|Site Review||Locate, Survey Site||Test Excavations||Grid Layout|
|Excavate, Level by Level||Screening||What Do We Find?||Lab Process, Report Writing|
Once a site has been shown to be of potential archaeological interest, it must be examined to determine likely spots
where excavation might prove successful.
Initial surveys may include non-destructive above-ground testing with geo-physical equipment, or below-ground shovel testing. For example, Ground-Penetrating Radar (GPR), Electro-Magnetic Imaging (EMI), and Metal Detecting are regularly employed to determine site boundaries.
Nowadays, surveying is often complemented by Geographic Information Systems (GIS) maps produced by many towns, which include things like elevation, water pathways, and property lines.
Among the tools recently introduced into the archaeologist's arsenal is Ground Penetrating Radar (GPR). Originally developed to help locate tunnels in Southeast Asia, it has proven useful to archaeologists testing for below-ground disturbances and structures without having to excavate. FOSA and OSA are assisted in this regard by the Natural Resources Conservation Service (NRCS), Department of Agriculture. NRCS provides the equipment and technicians to OSA as a public service. It is a wonderful working partnership between the federal and state governments to identify and preserve archaeological sits within the state.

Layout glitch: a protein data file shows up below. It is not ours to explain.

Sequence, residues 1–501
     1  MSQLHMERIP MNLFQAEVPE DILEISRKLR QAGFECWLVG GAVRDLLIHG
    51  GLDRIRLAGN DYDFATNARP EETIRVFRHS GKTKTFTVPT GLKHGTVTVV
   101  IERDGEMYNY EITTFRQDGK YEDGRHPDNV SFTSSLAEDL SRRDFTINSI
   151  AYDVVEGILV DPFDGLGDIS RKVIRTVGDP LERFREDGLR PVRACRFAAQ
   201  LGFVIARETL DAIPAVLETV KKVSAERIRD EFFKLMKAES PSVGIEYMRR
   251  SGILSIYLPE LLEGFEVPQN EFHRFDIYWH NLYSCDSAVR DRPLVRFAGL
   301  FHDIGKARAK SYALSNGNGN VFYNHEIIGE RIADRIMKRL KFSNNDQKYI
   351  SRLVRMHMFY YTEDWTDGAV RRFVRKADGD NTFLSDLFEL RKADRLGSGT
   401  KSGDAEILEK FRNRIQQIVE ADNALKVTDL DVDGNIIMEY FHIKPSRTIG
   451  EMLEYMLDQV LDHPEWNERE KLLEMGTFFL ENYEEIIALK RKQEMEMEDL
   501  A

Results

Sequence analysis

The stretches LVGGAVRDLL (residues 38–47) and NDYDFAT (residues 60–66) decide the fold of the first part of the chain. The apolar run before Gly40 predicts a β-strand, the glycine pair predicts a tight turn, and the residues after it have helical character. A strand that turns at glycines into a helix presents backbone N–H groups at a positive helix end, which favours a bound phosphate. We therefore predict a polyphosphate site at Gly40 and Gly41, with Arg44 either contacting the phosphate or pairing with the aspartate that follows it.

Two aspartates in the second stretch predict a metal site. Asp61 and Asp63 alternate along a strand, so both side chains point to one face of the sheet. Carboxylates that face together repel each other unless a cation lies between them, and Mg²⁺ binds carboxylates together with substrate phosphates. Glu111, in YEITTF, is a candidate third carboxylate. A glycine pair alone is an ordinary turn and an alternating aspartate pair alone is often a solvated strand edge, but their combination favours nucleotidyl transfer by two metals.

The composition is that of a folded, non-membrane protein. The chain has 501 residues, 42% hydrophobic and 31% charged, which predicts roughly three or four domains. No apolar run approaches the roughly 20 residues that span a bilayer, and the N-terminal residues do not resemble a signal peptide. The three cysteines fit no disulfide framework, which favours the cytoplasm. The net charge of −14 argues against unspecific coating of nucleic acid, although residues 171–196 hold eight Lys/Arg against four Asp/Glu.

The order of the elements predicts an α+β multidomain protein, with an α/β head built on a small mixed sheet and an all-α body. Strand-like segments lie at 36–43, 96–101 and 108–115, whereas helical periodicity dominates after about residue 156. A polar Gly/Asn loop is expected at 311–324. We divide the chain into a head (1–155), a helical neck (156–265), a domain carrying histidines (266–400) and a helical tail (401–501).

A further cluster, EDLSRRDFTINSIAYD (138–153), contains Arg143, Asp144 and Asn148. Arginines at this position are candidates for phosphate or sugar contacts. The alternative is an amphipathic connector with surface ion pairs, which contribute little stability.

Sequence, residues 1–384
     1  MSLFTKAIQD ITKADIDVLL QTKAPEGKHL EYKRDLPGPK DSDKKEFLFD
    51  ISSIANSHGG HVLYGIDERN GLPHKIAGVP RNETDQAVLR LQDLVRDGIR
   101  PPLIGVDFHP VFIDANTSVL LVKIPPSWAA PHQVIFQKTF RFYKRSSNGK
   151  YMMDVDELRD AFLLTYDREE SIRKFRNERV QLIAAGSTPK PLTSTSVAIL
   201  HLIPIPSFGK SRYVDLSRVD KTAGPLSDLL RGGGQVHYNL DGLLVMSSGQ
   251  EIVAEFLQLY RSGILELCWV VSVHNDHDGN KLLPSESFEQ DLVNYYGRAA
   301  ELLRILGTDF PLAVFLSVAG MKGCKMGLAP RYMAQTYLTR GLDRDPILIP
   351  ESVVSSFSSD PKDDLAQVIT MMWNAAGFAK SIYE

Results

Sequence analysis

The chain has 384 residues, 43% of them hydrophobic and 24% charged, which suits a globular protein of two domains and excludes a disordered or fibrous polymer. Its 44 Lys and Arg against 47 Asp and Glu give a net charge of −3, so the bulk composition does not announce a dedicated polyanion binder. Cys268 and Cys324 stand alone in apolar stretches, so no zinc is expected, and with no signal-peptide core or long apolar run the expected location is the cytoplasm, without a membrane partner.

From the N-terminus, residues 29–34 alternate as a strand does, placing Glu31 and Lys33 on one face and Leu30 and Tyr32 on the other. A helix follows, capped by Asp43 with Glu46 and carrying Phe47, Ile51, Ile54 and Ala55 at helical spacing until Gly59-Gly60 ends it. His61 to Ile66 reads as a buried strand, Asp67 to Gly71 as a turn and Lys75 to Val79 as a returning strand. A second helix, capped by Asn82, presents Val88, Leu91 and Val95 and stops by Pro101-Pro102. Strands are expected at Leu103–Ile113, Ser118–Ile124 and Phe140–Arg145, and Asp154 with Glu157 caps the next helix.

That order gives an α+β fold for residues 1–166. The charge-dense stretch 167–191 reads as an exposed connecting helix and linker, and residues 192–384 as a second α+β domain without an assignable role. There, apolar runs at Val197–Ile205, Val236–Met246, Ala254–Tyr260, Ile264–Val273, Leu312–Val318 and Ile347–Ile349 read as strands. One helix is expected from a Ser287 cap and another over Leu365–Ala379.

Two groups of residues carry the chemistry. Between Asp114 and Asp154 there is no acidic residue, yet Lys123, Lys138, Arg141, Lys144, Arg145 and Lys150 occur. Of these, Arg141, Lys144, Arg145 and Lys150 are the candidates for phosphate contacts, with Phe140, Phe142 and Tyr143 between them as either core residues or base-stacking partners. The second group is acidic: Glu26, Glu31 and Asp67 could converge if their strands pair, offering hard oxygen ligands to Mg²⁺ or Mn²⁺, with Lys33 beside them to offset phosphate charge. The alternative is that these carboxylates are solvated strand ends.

In addition, Global Positioning System (GPS) measurements are also used, in conjunction with both surveying and GPR readings, to firmly fix the precise location of site locales and assist computer mapping data on GIS databases.
Once sites have been found where things of interest may lie buried, the places are plainly marked, so that test excavations (pits, borings, trenches, etc.) can be done, to further determine the usefulness of the site.